I’m in Shaba, a small village in Sombaykha. The recent earthquake damaged all 12 of its houses. Luckily, no one was injured. And thankfully, most of the houses have suffered only minor damages.
But one house was hit hard. It has been damaged beyond repair. It’s still standing. But barely so. And it is no longer safe. That house belongs to Ap Zhep, aged 70, and his family.
Fearing aftershocks, every family scrambled to erect temporary shelters for themselves immediately after the earthquake.
And because Ap Zhep was practically homeless, the entire village got together to build him a shed. They pooled their resources–they contributed tarpaulin, CGI sheets, timber and labour–to build his family the best possible temporary shelter.
I was pleasantly surprised when I visited Ap Zhep’s temporary home. It boasts a spacious room with proper floorboards and a full sized traditional stove. Plus it has a store room and a covered verandah. He claims that the only reason he doesn’t have electricity in his shed is because it’s not safe to climb on the roof of his damaged house to remove the solar panels.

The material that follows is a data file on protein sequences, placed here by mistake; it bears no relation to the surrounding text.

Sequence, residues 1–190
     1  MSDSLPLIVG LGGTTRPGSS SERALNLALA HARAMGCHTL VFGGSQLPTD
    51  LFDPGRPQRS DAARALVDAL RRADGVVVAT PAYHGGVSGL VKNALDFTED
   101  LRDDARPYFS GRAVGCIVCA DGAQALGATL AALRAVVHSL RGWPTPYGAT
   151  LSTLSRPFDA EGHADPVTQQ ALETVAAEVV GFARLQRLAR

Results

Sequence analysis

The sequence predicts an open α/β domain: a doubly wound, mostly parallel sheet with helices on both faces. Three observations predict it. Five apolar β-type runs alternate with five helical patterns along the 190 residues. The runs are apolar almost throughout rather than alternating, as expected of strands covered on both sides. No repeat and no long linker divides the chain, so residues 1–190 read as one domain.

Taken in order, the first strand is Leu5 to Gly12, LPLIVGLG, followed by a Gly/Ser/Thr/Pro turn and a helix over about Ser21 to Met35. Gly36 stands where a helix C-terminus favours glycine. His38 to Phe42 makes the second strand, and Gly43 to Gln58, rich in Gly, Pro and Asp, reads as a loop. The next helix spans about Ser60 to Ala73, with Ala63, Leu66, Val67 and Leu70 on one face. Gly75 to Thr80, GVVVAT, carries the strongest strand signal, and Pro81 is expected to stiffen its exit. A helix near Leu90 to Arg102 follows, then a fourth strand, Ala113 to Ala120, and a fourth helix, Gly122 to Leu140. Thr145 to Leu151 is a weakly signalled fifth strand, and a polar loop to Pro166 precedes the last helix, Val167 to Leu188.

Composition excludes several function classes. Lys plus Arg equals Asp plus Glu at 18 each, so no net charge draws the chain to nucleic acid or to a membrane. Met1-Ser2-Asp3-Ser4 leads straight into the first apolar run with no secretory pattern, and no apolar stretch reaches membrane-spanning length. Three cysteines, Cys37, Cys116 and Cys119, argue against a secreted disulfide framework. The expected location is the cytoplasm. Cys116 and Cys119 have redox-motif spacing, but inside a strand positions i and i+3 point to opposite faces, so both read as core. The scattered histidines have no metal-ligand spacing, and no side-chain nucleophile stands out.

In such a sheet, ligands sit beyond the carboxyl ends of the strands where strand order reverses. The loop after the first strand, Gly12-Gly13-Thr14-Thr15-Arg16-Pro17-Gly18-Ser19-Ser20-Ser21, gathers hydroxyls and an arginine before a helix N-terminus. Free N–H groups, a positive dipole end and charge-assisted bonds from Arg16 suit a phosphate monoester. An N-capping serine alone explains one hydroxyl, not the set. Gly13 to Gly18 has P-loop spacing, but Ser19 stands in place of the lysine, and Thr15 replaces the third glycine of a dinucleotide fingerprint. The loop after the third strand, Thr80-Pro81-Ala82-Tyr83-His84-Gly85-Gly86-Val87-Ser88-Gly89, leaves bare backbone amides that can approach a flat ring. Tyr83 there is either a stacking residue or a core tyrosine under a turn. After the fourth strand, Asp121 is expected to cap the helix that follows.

But it’s not just in Shaba that the community joined hands to help one of their own. In Shebji, a neighboring village, the residents got together to build a shed for Aum Sonam and Dorji Wangchuk. And I already know that I’ll hear similar heartwarming stories across other villages in Sombaykha.